The sky had cleared into pure blue when the wind began to turn against us on the way to Nuuk, Greenland’s capital. To starboard, the land grew higher — the beginning of the fjords that lead inland for a good 50 nautical miles, well past the city. In port, ships and boats of all sizes crowded the wharves; rafting alongside local boats is the only way to moor here. We chose Auvek, an ex-walrus hunter built of oak in Denmark almost a century ago and now, with its harpoon gun still on the foredeck, used as a pleasure craft. Nuuk began its existence as a port when the Danish pastor Hans Egede arrived in 1721 on his sadly successful campaign of destroying the native culture. From a prominent hill, his statue dominates the bay near the old town — a bit of the 19th century in this modern city of 16,000 Kalaallit (Greenland Inuit) and Danes. A small cultural museum nearby tracks Greenland’s human history with outstanding exhibits from Greenlanders’ lives. 

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Homes in the town of Aasiaat overlook the southern shores of Disko Bay.

Kayak skills preserved
Outside I wandered past cauldrons once used for melting blubber for oil, and I stumbled onto a rack of kayaks of strictly Inuit design. Now made of plastic, they belonged to a boat rental business. I had thought we could only see them in the Kunstmuseum in Nuuk, depicted in paintings by a few long-gone Danish artists. Later we would witness how several kayaking clubs preserve the skills of kayak handling. In the most remote northern villages, men are still harpooning seals, walrus, narwhals or belugas from kayaks.

Nuuk has all the advantages of a large city: modern groceries with European goods, machine and electrical shops, marine electronic repairs, a large boatyard and air connections to Europe via Iceland and Denmark. The weather there is infamously wet and windy. We soon escaped, heading toward the Arctic Circle at 66° 33’ N.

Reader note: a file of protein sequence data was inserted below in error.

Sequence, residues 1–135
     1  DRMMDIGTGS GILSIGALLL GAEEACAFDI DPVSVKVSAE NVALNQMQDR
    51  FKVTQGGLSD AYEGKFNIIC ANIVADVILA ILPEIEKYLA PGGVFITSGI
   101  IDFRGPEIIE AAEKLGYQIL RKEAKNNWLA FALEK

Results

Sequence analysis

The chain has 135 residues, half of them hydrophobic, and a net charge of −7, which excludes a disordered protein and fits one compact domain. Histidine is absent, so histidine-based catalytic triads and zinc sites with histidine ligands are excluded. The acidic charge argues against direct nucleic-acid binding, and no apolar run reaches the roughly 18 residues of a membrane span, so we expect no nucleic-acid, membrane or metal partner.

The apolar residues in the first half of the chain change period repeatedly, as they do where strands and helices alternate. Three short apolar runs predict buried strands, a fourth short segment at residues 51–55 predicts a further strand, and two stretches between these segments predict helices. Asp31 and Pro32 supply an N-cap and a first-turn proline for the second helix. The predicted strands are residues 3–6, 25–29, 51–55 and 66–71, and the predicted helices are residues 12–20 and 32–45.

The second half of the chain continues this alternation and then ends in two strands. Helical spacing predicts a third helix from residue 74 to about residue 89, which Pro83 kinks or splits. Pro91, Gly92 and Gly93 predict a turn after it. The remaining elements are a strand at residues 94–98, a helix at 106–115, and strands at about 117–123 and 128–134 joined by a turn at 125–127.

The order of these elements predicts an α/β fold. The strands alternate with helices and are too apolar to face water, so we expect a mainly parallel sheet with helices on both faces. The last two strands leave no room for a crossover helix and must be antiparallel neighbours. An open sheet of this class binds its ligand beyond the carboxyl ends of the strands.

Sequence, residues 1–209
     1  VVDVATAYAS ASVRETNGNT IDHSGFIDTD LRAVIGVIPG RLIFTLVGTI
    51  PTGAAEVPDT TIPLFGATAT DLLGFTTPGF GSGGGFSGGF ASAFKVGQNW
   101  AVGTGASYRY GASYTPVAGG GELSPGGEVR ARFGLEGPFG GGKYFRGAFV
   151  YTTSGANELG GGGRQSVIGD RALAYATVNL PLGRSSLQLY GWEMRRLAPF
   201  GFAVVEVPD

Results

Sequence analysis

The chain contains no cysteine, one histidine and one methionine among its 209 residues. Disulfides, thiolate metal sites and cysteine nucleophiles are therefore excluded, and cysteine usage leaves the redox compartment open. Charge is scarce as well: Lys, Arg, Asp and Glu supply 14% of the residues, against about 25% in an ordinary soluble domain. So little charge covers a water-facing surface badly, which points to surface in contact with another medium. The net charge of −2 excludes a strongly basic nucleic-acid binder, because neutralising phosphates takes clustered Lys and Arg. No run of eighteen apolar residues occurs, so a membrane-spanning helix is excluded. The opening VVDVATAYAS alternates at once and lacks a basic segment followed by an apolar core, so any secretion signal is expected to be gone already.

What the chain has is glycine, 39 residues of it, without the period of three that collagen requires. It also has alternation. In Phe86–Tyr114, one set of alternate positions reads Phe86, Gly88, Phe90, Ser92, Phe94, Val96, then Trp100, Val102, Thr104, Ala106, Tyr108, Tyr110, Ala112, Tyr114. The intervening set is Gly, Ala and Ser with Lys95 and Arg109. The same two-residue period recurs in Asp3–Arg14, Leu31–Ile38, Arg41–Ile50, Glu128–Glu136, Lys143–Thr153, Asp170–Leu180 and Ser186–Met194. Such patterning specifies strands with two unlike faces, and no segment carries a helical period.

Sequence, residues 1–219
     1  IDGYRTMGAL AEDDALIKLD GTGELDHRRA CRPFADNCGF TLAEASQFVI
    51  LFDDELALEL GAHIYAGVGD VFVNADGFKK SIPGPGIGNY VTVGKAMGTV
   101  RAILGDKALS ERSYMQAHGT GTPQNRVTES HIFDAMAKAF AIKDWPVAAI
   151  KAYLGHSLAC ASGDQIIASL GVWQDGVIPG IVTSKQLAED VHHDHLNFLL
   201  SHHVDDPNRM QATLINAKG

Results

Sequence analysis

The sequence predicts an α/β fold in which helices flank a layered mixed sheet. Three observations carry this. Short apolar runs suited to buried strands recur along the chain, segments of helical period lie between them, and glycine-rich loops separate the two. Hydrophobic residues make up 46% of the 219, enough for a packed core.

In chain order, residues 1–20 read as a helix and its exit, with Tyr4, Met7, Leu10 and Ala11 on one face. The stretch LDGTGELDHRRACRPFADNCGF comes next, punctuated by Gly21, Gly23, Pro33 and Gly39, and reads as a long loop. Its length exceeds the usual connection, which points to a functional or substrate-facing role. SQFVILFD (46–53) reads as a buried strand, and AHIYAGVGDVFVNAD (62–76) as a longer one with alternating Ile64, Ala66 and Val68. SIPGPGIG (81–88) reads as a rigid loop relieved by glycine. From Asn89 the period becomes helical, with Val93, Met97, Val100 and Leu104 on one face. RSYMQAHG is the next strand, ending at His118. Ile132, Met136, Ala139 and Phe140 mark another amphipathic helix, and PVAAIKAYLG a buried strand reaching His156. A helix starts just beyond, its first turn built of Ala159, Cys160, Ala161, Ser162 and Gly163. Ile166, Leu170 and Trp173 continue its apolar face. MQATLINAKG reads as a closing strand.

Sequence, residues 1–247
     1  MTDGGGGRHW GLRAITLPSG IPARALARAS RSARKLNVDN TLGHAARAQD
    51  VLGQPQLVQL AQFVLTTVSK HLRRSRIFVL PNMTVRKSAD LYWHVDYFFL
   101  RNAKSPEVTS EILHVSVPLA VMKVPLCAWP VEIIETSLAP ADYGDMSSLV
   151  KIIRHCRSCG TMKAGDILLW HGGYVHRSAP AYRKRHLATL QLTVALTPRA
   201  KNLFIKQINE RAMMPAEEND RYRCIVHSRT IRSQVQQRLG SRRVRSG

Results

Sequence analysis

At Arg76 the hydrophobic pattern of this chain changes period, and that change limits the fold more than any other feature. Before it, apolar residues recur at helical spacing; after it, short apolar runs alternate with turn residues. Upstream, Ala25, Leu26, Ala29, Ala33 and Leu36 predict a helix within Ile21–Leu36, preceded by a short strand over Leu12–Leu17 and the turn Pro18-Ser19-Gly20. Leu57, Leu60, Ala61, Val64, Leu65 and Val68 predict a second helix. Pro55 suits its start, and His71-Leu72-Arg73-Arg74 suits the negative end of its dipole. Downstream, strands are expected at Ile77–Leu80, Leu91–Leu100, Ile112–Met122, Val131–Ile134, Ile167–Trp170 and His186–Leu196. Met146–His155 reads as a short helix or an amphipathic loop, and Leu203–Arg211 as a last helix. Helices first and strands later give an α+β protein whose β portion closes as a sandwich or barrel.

Frances B’s route during the Greenland voyage.

Thick fog and a light southerly changed to a brisk northerly a few hours after passing the circle, where we did the Arctic Circle dance and issued certificates to Ash Buchanan and Nick Brenner for sailing with us. Conveniently, the suddenly clearing air revealed mountainous shores as well as low islands at the approach to Sisimiut, Greenland’s second largest town (home to about 5,000 inhabitants), which sits on a protected harbor basin. A shoal in its middle forces all vessels toward the harbor edges already crowded with local craft. Rafting alongside is accepted and we promptly grappled Sisak IV, a good-size rescue vessel moored right on the deep inner side of the breakwater.

A maze of islets 
A maze of thousands of islets and islands flank Greenland’s western coastline, from Prince Christian Sound in the south all the way to Disko Bay. Between them run sparsely marked passages sheltered from ice and ocean swells. With our 7-foot draft, we knew we would have to scamper inside with caution. Ten hours after Sisimiut, bound for Aasiaat Harbor on the south side of Disko Bay, we headed in through curtains of damp whiteness that gradually thinned inland. The midnight sun wanly sketched the way ahead, a very welcome aid since the radar wouldn’t be able to tell the difference between ramparts of rock and equally invincible monuments of ice trapped in the narrow channels.

Crewmember Nick Brenner cools off in Disko Bay by doing his signature backflip near a giant iceberg.

We powered on, often passing towering icebergs anchored to the bottom hundreds of feet below. Typically some 90 percent of a berg’s total volume lies under the surface. In those 80 miles of sheltered waters, we had the choice of anchoring off wild islands or a village. The Danes bring bright colors to Greenland; in Kangatsiak, with its population of 600, small wooden homes of bright red, green, blue or yellow spread like a quilt over a background of rock walls and boulders.